ddrescue in a Ubuntu Live boot to rescue data from a failing 3TB external HDD formatted as NTFS. I had it copy the data directly to a new physical device, i.e. I didn't create an intermediate image file:
ddrescue /dev/sdb /dev/sdc rescue.logfile
After about 2 weeks, ddrescue has finally finished its magic, so I booted back into Windows to assess the damage. Windows is recognizing the new device, but doesn't seem to mount any partitions.
When I go into Computer Management -> Disk Management, I do indeed see the partition that
ddrescue created. However, it is a "RAW" partition, which apparently Windows can't read. How do I tell Windows to reinterpret it as an NTFS partition?
I thought of using
chkdsk, but that seems to require that I be able to mount the partition in the first place.
*Note: I should mention that the drive I am rescuing is NOT a drive that I boot from.
*Update: I've tried running
testdisk, and can successfully see the file system on the new drive. However, testdisk gives me a "write error" when I try to use it to fix the partition table.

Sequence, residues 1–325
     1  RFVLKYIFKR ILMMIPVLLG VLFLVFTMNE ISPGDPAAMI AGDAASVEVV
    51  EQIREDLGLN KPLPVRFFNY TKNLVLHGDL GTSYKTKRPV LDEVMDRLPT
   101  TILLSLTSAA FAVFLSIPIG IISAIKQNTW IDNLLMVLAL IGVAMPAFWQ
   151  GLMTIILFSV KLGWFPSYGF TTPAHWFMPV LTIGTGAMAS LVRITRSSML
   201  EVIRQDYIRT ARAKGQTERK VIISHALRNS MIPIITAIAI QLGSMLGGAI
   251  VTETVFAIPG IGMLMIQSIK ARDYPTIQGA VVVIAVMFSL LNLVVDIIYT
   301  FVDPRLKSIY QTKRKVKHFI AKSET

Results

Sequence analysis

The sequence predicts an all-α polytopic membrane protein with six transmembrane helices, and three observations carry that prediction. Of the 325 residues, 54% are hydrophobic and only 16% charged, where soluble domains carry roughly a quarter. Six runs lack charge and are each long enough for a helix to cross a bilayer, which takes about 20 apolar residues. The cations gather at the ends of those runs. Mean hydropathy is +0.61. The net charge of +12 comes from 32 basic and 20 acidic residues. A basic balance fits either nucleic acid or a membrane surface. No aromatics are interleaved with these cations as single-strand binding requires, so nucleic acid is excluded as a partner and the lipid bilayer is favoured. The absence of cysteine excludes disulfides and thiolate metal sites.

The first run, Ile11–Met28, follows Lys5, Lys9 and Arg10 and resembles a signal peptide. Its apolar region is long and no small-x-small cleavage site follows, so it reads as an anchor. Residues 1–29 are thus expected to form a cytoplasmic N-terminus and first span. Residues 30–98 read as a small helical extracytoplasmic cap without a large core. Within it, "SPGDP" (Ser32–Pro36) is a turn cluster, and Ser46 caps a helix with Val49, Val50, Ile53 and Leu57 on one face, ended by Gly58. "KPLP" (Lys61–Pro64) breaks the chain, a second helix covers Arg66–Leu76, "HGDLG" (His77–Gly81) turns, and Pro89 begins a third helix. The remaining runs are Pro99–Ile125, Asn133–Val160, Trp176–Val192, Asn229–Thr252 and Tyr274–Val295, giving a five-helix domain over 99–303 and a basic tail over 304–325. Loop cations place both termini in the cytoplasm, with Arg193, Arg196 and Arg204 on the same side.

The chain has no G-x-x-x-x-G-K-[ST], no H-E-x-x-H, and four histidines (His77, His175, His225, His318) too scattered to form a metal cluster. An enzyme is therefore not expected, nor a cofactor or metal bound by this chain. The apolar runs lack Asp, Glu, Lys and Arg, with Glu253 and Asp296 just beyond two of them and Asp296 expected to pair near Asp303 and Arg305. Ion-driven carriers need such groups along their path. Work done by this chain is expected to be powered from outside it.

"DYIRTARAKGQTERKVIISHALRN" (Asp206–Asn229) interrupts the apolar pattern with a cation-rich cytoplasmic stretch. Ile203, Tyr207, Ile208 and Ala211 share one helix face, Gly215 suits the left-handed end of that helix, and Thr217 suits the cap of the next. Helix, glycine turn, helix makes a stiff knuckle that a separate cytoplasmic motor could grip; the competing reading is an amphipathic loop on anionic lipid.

So, now I am running
chkdsk /f h: in Windows.
chkdsk is currently in a loop with message:
Inserting an entry into index $0 of file 60.
According to this article, this is normal while
chkdsk rebuilds the Master File Table:
The $Extend\$Objld is a meta-data file; a special hidden file that the NTFS file system uses to store file-system information. (The NTFS file system is the one that Windows XP/Vista/7 uses.) For those of you who might be interested in the technical details, it is found in position 24 or 25 of the boot hard disk drive's Master File Table and contains an index to the unique object identifier numbers that NTFS allocates to every file on the computer.
Mine seems to be in position 60, but I assume this is because of the unusual way in which I created the partition. I guess I'll be waiting another day to see how this turns out.